I don't like buff centric professions because they become manditory for progression as we see today in WoW, and they really don't offer anything of value to anyone except farmers. Tuning becomes a lot easier, devs don't have to deal with Flasks of Death and Destruction when tuning bosses, and it would allow for guilds to be more realistic as to their goals. As opposed to saying well if we pot up and get world buffs we can definatly kill these guys, it becomes we don't have the gear and need to do X longer before we can attempt this new raid dungeon.

On guilds, and speficially guild bound items, as the game is now I could see it realistically applying to recipes and reputation. Guild Rep is a semi bad idea, if it's not tied to guild recipes in some way. I mean whats to stop someone from joing a guild with High X rep, crafting what they want with recipes they had in their bags, and hopping out to join some other guild whose trying to get Y resist set quickly. The guild would have to, probably, deligate by rank who "gets" the rep and who doesn't. But it would be and interesting system. Guild recipes would be different in a way, recipe drops, the guild, not a specific person but say a guild librarian like was discussed earlier, learns it, and then any guild member of that profession can make it, again delegatable by rank, and probably level as well. No level 1 alt GuildCrafters who can make all the sickest craftable gear, I'd imagine.

Guild Housing is something else entirely. I understand the purpose of giving the guild an identity and I see the useful ness of having guild alchemy labs and Black Anvils, but at the same time I don't see the practical implimentation. Where would you put it? Couldn't go ingame, too many guilds for that to be practical. Couldn't put it on the instance servers, server goes down and your guild house what, soft resets? No thanks. The only plausible way would be a seperate rack of servers just for instanced guild housing. But then again whats the point? No one sees your guild hall except guild members, and if every end game guild is going to have a Black Anvil and Alchemy Lab, why not just put them in the middle of Iron Forge? I don't look forward to sending guildmembers over to other guilds just to use their lab.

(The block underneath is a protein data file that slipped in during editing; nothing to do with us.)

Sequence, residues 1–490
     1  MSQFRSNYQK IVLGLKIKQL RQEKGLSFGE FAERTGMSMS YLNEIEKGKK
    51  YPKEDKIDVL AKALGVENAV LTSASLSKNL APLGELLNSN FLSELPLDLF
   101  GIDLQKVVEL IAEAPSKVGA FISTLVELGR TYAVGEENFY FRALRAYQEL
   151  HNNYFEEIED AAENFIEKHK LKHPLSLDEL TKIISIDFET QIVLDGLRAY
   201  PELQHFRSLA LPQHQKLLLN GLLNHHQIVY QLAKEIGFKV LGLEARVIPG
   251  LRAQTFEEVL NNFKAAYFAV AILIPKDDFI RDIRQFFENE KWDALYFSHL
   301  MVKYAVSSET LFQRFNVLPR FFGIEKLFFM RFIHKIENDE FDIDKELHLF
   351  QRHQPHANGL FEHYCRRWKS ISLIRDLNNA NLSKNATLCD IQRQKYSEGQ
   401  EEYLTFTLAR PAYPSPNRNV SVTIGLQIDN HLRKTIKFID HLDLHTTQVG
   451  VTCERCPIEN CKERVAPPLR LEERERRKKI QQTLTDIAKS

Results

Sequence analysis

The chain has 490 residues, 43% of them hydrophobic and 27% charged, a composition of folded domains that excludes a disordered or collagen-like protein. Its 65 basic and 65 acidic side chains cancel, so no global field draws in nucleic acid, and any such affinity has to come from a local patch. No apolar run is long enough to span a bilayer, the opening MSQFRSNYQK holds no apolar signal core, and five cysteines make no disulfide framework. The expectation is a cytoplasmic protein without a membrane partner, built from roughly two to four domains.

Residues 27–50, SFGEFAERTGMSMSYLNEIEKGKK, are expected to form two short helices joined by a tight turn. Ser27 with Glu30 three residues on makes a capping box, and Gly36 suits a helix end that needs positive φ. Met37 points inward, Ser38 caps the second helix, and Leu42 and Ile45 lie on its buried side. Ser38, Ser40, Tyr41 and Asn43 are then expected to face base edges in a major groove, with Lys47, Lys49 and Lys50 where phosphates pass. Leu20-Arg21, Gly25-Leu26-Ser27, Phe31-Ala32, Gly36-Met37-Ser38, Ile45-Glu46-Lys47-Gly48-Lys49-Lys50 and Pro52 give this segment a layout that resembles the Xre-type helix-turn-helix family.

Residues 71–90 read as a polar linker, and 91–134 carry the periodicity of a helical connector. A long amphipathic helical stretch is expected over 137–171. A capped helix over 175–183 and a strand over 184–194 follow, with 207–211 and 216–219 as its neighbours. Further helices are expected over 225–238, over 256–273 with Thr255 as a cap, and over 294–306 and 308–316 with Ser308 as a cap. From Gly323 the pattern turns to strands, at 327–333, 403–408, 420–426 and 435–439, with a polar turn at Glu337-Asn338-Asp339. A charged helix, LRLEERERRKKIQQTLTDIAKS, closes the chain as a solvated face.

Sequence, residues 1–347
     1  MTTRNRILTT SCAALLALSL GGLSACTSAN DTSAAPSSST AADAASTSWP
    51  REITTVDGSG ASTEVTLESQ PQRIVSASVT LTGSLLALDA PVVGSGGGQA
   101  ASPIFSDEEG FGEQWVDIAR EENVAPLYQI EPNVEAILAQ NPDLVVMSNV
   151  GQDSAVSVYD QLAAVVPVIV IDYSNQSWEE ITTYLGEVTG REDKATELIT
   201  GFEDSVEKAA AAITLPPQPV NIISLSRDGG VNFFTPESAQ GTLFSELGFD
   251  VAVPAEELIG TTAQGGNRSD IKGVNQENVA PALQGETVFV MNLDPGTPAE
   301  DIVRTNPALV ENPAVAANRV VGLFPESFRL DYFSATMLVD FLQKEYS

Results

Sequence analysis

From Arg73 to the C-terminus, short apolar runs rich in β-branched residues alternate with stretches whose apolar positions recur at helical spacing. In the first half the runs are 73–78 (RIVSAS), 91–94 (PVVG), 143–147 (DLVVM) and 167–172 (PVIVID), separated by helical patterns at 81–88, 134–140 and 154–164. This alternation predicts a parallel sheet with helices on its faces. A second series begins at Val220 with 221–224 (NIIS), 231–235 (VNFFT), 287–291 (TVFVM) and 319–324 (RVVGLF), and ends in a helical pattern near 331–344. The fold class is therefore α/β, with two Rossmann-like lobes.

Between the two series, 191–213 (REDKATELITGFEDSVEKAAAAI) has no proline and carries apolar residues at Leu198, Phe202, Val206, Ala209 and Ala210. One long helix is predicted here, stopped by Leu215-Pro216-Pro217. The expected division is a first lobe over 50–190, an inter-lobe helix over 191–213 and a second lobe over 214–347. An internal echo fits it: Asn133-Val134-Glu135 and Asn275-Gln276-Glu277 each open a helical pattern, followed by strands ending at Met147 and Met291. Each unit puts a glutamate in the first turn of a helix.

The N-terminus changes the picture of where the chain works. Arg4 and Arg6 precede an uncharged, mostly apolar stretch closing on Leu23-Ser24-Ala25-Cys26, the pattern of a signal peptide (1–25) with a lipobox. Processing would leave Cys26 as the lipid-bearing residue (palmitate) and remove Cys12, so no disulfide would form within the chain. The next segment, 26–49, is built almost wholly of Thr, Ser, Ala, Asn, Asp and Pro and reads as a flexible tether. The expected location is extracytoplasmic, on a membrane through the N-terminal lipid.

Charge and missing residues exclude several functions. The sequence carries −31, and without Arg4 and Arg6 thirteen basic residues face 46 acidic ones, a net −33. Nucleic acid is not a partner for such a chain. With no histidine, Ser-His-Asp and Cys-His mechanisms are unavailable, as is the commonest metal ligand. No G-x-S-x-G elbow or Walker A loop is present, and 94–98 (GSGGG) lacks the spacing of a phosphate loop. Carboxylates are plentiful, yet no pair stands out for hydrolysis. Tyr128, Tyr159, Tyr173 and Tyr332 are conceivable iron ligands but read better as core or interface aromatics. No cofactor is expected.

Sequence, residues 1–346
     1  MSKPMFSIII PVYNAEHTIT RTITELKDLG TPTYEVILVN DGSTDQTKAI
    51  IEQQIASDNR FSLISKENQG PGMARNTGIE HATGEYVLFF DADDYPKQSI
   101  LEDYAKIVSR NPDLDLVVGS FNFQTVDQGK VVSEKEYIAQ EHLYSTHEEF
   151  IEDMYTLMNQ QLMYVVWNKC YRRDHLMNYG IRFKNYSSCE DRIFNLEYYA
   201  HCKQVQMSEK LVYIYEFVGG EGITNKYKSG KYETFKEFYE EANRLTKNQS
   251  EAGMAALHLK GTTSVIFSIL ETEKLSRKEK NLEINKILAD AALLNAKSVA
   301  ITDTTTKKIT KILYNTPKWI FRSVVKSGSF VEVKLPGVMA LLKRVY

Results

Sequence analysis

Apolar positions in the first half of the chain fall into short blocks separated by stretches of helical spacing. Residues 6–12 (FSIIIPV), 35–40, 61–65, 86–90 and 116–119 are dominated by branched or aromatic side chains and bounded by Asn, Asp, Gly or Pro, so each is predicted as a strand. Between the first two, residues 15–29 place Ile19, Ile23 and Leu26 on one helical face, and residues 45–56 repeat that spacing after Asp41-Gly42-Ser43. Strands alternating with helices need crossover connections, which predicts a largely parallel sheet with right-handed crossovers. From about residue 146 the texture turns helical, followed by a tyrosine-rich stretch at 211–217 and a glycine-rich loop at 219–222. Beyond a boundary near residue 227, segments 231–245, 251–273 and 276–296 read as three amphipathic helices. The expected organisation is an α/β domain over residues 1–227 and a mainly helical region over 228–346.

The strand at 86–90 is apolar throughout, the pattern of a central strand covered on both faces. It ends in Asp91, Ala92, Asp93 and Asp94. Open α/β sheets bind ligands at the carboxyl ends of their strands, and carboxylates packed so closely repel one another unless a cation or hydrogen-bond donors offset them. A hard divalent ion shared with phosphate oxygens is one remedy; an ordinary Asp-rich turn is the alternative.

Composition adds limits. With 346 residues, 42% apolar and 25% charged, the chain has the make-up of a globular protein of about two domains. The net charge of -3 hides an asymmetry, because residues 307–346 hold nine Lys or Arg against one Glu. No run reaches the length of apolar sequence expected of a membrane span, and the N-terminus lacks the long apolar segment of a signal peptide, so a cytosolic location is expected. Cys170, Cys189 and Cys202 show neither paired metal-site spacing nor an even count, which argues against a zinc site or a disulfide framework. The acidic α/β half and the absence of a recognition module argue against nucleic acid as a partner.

Something I'd like to see more of is a standardized officer system, being able to setup class officers, recruitement people, and Raid Leaders besides in Name only. Automatic class channels, healing channels, dps channels, do other guilds use these or are we just anal about keeping hunter stuff to hunters and mage stuff to mages? I'd still like to see it on a raid level. Customizable, and trackable DKP would be a blessing. Not everyone uses DKP, but at the same time having a screen in game which lets you see how much dkp you have, or the entire raid for raid leaders, would be wonderful. A few features I would like to see would be: Automatic assignment of points, adjustable by the raid leader and officers for punctuality, zero-sum, wipe bonuses, etc, assigning of points to specific mobs based on instance(raid bosses specifically), assignment of points to items(probably too much data to handle and would have to be done in some sort of FAQ out of game), A zero-sum options with an interface for inputting how many points were spent on the disbanding of the raid(this goes with the point values per item it's probably too much data to handle, and thus would need an interface for user input), Bid tracking, adjusted roll tracking which counts bids(how my old guild used to work, you bid 50 you roll 1-100 so you get 51-150, I liked it anyway).

Basically there are a lot of things you could add, but in actuality Blizzard only needs to add one. If Blizzard supports Zero-sum with item tracking for example, then thats what everyone will use by default, which is why I think we don't have these things implimented already, Blizzard doesn't want people to feel like they have to switch from a system they enjoy.